5. This is pretty much a question for @SoldierOfLight, probably.. I've read a ton of information about the different flip modes and the various ways of configuring the swap chain. Would really like to get down to near 0ms latency at 60fps. My GPU is somewhat old - NVidia GTX 430 - but my software is up to date. Latest NVidia drivers, latest Windows 10 (April 2018 version 1803) PresentMon indicates dwm.exe is "Hardware: Legacy Flip" (not sure if this is important but thought I'd include it since 'Legacy' sounds bad) If I run windowed, PresentMon indicates "Composed: Flip" with a latency around 48ms If I run fullscreen with SetFullscreenState(true), PresentMon indicates "Hardware Composed: Independent Flip: Plane 0" with a latency around 46ms If I run fullscreen as just a borderless window covering the whole screen, PresentMon indicates "Hardware Composed: Independent Flip: Plane 0" and around 32ms latency In windowed mode, DXGI_SWAP_CHAIN_DESC1 setup is: swapChainDesc.SwapEffect = DXGI_SWAP_EFFECT_FLIP_DISCARD; swapChainDesc.Flags = DXGI_SWAP_CHAIN_FLAG_FRAME_LATENCY_WAITABLE_OBJECT; SetMaximumFrameLatency is 1 frame (DISCARD seems to have the same latency as SEQUENTIAL) In fullscreen mode with SetFullscreenState, I find I have to remove the WAITABLE_OBJECT flag - if I don't, DX gives an error when SetFullscreenState is called. Running in DX debug mode, it logs a message saying that the WAITABLE_OBJECT flag can't be combined with fullscreen (although I've seen other posts claiming that this restriction was lifted at some point?? not on my machine hehe) when I call present, I'm just calling swapChain->Present(1,0) Questions: 1) Why can't I combine WAITABLE_OBJECT with SetFullscreenState? 2) Do I need to use SetFullscreenState anyway? Currently the lowest latency is just borderless window covering the screen, with 32ms latency. But why is it not 16ms? 3) Why is SetFullscreenState slower, at 48ms latency? It's worth mentioning that I am in this case also creating a borderless window that covers the screen.. and then calling SetFullscreenState on that window.. maybe that's confusing the system (?) 4) Is "Hardware Composed: Independent Flip: Plane 0" the best I can hope for or is there some other flip mode that is optimal? If so, what changes do I need to make to the code to get there? ------- More information after further testing: With the borderless fullscreen window (not using SetFullscreenState), loop looks like this: 1) WaitForSingleObject(WAITABLE_OBJECT) 2) Spin loop for 15ms (almost the entire duration of the frame) <-- added after writing the original post 3) read controller/user inputs 4) Draw the next frame of the game 5) Present With the above, PresentMon indicates around 17ms latency with "Hardware Composed: Independent Flip: Plane 0" Is this as good as I can do or can I somehow get the latency reported by PresentMon even lower? I am measuring controller-to-display latency with a 240hz camera and a gamepad with an LED wired into the start button. I am seeing as low as 5 240hz frames (just over 16ms latency) between the LED lighting up on the controller and visible results appearing on screen. But, sometimes I see up to 14 240hz frames. The average is probably around 8/9 frames. Have I minimized the latency from the perspective of the application? For some reason I feel like I should be able to achieve very close to 0ms latency. Conceptually if I wait until the very end of a vertical refresh cycle.. then sample the user input, draw the game, call Present() *right* before the gpu is ready to display the next frame.. then it would get my back buffer and swap it to front only 0-2 ms after I call Present. How do I get to a solution like this? If you're curious I'm using the Dell 2414H monitor which is reviewed to have 4ms latency, and other tests I've done with dedicated hardware more or less confirm this (http://www.tftcentral.co.uk/reviews/dell_u2414h.htm#lag) Thanks!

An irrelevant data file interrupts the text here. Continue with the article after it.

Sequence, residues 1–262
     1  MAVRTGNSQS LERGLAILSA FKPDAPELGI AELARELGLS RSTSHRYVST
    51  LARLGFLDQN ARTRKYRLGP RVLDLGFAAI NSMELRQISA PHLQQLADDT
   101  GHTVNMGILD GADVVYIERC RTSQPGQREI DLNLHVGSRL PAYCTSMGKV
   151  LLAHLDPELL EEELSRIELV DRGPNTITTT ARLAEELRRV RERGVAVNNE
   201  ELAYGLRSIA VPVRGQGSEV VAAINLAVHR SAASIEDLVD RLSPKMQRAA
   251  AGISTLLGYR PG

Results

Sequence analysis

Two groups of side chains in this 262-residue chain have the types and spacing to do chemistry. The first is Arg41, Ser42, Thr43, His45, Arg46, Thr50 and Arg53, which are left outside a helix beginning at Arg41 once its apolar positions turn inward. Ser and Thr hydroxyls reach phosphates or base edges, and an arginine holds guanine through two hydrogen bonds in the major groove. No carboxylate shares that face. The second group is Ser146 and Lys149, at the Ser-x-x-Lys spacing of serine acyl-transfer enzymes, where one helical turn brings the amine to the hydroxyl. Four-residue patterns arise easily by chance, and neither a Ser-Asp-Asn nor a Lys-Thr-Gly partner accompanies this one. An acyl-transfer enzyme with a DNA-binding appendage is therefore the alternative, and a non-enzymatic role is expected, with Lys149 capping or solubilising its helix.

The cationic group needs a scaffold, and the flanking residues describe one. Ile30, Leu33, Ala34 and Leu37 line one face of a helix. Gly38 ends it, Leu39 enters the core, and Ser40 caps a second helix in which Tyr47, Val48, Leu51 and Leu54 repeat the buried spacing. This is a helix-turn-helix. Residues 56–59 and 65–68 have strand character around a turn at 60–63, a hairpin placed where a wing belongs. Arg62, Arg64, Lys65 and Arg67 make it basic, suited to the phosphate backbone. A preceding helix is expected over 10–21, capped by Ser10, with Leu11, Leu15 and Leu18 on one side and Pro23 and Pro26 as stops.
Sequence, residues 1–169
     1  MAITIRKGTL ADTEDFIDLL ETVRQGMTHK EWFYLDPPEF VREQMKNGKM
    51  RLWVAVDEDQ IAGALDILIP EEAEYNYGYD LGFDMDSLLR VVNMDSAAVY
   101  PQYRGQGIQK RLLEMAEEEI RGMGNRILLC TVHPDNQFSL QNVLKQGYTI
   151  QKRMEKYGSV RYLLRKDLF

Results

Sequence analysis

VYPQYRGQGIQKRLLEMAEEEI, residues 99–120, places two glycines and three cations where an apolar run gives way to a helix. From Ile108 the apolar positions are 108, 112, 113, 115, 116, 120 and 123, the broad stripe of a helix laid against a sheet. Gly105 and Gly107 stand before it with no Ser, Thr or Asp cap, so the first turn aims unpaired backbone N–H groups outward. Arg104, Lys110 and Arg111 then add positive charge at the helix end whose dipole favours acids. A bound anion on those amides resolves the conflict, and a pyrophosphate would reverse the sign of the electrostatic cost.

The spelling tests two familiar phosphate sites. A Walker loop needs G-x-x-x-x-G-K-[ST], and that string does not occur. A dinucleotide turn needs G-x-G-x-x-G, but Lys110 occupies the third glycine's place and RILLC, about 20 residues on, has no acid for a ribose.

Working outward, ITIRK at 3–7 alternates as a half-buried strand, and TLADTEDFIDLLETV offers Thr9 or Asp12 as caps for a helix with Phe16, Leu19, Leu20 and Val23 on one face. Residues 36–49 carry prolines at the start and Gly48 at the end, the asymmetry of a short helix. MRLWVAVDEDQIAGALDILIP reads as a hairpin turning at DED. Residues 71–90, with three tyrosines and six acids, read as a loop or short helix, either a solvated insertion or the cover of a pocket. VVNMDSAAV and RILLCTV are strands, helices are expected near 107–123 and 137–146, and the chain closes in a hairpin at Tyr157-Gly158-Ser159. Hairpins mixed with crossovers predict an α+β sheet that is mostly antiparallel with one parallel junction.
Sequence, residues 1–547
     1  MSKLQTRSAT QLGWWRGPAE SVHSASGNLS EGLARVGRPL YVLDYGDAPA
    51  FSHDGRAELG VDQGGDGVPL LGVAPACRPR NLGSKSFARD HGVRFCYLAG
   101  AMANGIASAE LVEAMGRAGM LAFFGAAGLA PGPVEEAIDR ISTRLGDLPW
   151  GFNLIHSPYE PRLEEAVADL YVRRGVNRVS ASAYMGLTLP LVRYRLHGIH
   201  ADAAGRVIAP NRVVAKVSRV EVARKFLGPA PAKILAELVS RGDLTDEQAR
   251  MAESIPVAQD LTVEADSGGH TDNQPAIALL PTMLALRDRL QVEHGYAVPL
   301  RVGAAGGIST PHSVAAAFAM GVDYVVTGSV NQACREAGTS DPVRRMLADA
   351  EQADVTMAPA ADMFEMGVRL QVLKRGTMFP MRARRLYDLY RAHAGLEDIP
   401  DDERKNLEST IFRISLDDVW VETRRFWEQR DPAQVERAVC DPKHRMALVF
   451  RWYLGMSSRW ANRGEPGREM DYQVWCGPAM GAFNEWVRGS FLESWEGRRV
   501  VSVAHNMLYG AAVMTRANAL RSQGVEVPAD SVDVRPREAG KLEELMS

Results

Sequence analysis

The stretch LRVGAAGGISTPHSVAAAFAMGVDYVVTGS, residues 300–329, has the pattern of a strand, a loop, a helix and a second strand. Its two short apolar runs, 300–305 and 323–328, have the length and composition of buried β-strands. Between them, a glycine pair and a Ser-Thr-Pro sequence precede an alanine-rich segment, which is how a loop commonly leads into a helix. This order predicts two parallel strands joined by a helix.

6. Hello, Just wanted to share the link to the latest upgrade for the Conservative Morphological Anti-Aliasing, in case someone is interested. It is a post-process AA technique in the same class of approaches as FXAA & SMAA but focusing on minimizing the input image change - that is, apply as much anti-aliasing as possible while avoiding blurring textures or other sharp features. Details available on https://software.intel.com/en-us/articles/conservative-morphological-anti-aliasing-20 and full DX11 source code under MIT license available on https://github.com/GameTechDev/CMAA2/ (compute shader implementation, DX12 & Vulkan ports are in the works too!)